Precision feeding means different things depending on the market in question, said Sylvie Andrieu, ruminant technology manager, EMEA, Cargill.
Moreover, in terms of the extent of application of tailor-made diet formulations in European dairy units, she told us the company is seeing greater use of precision feeding approaches on the larger, more intensive dairy farms.
Cargill said its rationing model, DairyMax, uses nutritional information generated either from the literature or from its own research centers to refine the animal’s requirements at the most precise nutrient level possible.
“It helps producers meet the cow’s requirements for selected limiting amino acids required for milk production, and not on nutrients such as crude protein, rumen degradable protein or rumen undegradable protein.
“This allows for more accurate diet formulation with lower crude protein percentage. With this come benefits for the cow, the producer and the environment.”
“Larger farms can better apply precision feeding due to the higher herd numbers and they are, in general, closely monitoring their results, IOFC, in particular.”
The interpretation of precision feeding varies throughout Europe, where the feeding systems, forages are, anyhow, variable. In France, Spain and Italy, there is less protein used in dairy cow diets compared to their more northerly neighbours.
“In the Netherlands, for example, the focus increasingly is on precision feeding to achieve nitrogen and phosphorus reduction, and the industry is striving to better understand amino acid utilization, along with rumen functionality. And the UK sector is beginning to use the same approach,” she said.
Generally, she noted, precision feeding means the diet is able meet the cow’s requirements as precisely as possible – no more, no less. This relies on knowing, exactly, how the rumen bacteria will ferment the feed ingredients, and knowing how the nutrients will, subsequently, be absorbed and used by the animal.
Consolidation of dairy sector in Europe is a trend that is accelerating, she said. Producers are looking for scale to ensure viability in terms of market volatility, so she anticipates wider use of precision feeding in the years to come.
She sees recovery, somewhat, in the European dairy sector, even if it is still taking time for some farmers to balance the books after several years of low milk prices and, consequently, low profitability.
However, market pundits warn of more volatility in milk prices, so Andrieu said farmers have to learn to manage that ongoing price fluctuation by taking advantage when prices are favorable and making improvements to leave them better able to weather the leaner times.
“We have to educate farmers to spare money for the more difficult periods. The mindset has to change."
On many European dairy farmers, IOFC is vulnerable and it fluctuates with forage quality and availability, she said.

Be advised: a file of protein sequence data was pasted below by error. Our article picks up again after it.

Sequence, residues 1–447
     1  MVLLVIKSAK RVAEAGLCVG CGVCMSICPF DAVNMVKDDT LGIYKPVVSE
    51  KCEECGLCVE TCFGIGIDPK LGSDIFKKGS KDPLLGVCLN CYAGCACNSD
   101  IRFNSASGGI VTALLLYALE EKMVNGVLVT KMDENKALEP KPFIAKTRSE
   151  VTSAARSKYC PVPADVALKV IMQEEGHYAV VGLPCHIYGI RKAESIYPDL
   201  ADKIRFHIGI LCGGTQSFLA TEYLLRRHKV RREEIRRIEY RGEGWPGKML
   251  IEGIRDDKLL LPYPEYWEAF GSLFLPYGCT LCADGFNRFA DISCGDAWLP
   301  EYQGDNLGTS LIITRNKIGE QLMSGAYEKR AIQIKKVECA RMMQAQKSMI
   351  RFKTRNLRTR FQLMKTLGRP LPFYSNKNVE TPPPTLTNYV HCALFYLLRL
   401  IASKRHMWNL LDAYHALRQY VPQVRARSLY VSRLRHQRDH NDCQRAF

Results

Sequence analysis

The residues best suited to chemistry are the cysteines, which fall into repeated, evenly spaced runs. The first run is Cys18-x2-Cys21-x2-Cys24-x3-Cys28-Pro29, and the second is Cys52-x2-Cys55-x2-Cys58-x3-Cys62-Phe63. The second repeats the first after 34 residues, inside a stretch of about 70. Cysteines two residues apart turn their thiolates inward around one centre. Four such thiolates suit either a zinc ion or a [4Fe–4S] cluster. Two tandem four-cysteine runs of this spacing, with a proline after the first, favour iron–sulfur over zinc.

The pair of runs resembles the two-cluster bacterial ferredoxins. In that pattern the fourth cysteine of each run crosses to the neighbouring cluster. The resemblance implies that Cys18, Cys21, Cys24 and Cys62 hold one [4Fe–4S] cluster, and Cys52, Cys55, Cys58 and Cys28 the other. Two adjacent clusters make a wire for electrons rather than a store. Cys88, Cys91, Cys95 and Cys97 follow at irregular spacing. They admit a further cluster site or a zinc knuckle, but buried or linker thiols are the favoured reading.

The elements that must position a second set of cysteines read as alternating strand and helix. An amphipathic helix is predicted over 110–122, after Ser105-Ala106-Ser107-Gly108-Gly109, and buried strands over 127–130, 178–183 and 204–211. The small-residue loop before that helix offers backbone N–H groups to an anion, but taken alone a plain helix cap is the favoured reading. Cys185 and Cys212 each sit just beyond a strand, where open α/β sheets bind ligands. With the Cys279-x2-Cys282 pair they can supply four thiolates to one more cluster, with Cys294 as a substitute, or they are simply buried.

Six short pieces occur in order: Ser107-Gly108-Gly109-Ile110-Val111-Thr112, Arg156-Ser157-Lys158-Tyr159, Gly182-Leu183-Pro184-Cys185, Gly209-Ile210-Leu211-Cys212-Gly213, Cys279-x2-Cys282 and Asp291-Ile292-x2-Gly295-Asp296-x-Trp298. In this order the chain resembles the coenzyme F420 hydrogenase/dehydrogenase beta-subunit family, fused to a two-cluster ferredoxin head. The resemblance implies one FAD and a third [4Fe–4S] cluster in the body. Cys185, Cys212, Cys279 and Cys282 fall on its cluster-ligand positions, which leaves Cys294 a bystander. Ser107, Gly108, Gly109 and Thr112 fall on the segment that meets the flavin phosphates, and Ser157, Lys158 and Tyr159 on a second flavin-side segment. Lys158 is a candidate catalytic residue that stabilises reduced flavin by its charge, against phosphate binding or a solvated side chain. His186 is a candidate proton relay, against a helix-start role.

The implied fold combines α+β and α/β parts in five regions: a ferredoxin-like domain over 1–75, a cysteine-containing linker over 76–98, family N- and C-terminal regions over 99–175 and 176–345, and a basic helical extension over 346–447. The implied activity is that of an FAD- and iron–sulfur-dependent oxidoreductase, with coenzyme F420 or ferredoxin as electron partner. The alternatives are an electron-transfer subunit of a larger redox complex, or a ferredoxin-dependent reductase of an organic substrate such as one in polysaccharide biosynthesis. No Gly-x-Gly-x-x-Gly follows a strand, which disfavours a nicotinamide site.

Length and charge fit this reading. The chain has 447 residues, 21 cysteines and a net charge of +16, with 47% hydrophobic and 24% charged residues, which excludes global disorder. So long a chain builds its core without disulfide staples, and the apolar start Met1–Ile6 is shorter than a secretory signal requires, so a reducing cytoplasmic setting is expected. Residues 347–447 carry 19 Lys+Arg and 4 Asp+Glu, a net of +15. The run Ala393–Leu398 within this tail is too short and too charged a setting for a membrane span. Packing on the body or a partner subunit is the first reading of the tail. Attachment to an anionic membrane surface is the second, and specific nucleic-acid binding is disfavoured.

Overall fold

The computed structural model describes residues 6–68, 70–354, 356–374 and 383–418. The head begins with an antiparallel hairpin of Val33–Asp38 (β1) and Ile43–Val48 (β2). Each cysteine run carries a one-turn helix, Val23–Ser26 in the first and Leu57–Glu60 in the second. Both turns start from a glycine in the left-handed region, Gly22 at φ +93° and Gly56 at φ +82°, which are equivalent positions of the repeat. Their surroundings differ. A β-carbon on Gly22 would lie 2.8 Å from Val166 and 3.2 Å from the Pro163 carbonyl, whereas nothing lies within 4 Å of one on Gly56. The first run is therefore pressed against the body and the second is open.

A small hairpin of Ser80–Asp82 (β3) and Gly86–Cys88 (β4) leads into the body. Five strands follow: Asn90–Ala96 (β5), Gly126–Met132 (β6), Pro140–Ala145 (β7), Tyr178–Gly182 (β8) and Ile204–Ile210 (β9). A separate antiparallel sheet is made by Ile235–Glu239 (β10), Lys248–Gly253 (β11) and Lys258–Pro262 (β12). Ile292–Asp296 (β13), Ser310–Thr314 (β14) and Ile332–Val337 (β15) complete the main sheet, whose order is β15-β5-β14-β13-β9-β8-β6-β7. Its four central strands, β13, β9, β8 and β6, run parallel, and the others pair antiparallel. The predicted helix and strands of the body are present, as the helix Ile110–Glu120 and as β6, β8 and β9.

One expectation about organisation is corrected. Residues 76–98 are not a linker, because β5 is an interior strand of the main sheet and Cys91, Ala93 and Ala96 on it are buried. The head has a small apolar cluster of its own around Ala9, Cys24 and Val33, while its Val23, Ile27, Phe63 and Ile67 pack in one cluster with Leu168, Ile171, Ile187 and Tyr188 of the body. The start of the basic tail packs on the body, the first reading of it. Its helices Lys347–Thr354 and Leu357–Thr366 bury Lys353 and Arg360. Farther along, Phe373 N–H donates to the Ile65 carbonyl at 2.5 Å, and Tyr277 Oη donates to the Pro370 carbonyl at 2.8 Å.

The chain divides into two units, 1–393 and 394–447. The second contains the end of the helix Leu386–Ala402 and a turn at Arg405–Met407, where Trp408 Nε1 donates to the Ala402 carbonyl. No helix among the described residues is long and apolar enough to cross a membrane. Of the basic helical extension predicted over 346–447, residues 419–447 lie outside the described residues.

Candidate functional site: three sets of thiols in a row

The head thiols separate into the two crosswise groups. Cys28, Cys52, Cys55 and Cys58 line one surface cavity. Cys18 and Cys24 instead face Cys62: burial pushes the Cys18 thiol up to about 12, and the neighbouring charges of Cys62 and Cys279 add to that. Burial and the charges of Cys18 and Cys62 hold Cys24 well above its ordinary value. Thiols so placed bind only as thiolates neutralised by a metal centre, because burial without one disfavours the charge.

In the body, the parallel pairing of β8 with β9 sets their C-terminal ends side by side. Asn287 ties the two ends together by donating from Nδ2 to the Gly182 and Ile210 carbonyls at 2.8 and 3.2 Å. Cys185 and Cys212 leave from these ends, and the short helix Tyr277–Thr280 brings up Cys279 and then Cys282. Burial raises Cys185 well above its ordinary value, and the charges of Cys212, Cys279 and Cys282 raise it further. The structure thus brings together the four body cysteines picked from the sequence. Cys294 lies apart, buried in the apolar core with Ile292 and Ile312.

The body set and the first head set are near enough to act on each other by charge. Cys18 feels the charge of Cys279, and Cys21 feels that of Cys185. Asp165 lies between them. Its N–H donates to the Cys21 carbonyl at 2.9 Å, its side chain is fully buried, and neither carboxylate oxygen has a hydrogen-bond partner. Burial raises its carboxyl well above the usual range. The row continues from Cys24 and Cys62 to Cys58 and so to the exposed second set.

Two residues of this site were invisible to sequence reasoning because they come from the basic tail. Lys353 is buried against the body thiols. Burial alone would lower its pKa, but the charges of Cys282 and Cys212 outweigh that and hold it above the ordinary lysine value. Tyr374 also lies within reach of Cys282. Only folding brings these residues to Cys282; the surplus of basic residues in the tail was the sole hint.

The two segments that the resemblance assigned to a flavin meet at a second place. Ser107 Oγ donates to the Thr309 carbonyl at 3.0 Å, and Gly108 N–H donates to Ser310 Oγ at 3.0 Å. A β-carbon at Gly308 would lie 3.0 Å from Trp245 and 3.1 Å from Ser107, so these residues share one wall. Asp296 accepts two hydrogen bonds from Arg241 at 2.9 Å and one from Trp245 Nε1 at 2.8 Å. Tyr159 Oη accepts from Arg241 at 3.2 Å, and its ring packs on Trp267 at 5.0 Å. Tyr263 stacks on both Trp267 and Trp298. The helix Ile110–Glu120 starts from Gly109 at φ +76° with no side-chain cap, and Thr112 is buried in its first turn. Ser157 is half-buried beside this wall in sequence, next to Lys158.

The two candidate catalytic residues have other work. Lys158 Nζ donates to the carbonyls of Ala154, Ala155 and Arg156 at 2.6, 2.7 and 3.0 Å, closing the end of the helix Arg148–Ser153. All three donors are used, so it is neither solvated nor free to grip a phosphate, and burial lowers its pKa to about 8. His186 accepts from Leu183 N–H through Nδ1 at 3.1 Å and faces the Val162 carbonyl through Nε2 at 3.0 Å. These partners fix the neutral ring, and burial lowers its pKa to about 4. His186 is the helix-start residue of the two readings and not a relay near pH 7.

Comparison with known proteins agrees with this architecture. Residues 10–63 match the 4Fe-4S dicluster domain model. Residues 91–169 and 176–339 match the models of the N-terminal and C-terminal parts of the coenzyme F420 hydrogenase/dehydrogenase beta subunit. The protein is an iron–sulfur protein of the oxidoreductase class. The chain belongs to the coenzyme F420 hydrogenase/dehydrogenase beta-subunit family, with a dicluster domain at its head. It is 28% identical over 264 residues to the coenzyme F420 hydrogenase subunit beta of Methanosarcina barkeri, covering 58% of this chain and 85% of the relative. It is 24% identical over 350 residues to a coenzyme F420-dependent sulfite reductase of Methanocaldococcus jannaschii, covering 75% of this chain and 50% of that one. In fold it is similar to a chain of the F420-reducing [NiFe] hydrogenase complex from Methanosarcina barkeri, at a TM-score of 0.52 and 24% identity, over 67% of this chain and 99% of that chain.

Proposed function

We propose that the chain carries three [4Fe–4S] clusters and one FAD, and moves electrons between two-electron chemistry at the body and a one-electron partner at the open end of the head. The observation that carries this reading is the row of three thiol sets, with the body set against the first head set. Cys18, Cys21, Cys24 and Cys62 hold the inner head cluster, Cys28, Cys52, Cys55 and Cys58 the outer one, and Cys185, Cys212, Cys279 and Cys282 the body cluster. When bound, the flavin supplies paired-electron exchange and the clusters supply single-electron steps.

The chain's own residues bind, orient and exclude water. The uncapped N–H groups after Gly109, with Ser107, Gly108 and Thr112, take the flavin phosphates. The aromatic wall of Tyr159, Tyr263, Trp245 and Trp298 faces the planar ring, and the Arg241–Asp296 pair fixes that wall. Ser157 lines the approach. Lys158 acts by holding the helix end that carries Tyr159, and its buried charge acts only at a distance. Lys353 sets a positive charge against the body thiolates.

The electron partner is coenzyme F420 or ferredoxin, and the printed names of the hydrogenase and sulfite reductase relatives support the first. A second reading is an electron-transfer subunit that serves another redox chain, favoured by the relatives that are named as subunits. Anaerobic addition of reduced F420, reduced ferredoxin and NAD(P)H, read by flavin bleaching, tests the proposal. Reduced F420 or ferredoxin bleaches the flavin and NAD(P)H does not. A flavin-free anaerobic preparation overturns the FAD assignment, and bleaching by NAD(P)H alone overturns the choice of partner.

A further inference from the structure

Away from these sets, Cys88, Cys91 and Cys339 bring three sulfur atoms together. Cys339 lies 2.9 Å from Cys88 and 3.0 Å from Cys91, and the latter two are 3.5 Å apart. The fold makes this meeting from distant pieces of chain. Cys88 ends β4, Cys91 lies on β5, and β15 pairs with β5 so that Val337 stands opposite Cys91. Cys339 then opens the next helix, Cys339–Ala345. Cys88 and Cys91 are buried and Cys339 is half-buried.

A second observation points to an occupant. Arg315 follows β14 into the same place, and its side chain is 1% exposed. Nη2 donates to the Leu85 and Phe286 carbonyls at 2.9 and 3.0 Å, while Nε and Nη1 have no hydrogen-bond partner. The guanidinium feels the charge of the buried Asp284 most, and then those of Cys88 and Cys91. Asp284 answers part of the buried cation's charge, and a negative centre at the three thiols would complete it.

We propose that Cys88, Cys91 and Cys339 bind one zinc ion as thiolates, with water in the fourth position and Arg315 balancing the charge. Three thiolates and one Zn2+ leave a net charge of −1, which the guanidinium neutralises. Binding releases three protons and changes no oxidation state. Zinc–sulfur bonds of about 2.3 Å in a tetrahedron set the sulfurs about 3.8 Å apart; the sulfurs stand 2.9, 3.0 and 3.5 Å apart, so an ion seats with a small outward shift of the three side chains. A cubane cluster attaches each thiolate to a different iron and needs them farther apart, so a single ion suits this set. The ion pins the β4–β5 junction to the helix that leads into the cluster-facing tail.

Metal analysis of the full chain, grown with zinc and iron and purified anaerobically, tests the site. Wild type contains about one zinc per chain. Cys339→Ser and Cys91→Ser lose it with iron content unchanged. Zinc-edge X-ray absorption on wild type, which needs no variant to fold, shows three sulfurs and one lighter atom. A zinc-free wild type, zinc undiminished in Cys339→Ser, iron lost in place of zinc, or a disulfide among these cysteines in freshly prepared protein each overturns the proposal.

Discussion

“We also see it fall where producers opt for a lower spec diet to cushion falling milk prices or increasing feed prices.”
“Cash flow problems are a major hindrance to investment in high spec feed. Often producers, in such financial situations, look to cut down on feed costs. It can be difficult to convince those farmers to pay out now for a response a few weeks down the line.”
Reacting to lower milk prices by cutting feed costs can have an immediate effect on milk production. Although the feed bill might be lower, this short-term gain in cash flow can have longer-term negative implications, she said.
All the evidence points to the need for investment in high spec feed in certain physiological stages, in the early lactating cow, for example, to set the lactation curve and to avoid productivity challenges such as ketosis, she added.
Cargill says: "The level of nutrition in early lactation has a major impact on subsequent production. Milk yields could be reduced from three to 12 weeks where cows were fed a lower spec diet in early lactation, even where their diet was improved. The longer the feed restriction, the longer the carryover effect was felt.
"An initial reduction of three litres per cow per day from feeding cows a lower spec diet would persist into the lactation, even after the diet was improved. Yields would still be expected to be 1.8 liters a day less at four weeks (60% less than normal) after the restriction was ended, and 1.65 liters per day after 10 weeks.
"The prolonged lower milk yields resulting from a lower spec diet – even for a short period – is likely to have a negative effect on IOFC and that overall farm income – even with lower feed costs – will drop."
Independent peer reviewed data shows nine different independent trials, carried out between 1980 and 2013 illustrate the carryover effect – or persistency - of a lower spec diet in early lactation. Even when the diet was improved, milk yields did not recover for some time.
Dairy farmers must get more of a handle on their direct and indirect production costs related to feeding, labor, and mechanisms, so they can clearly ascertain where they can, realistically, shave off costs, ensuring they are not hindering their animals’ performance while doing so, she added.